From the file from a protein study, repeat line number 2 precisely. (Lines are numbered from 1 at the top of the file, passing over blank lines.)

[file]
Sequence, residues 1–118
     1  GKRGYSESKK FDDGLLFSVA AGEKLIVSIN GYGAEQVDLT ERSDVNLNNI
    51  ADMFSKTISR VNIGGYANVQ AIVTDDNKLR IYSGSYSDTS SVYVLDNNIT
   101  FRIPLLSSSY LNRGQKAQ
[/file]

     1  GKRGYSESKK FDDGLLFSVA AGEKLIVSIN GYGAEQVDLT ERSDVNLNNI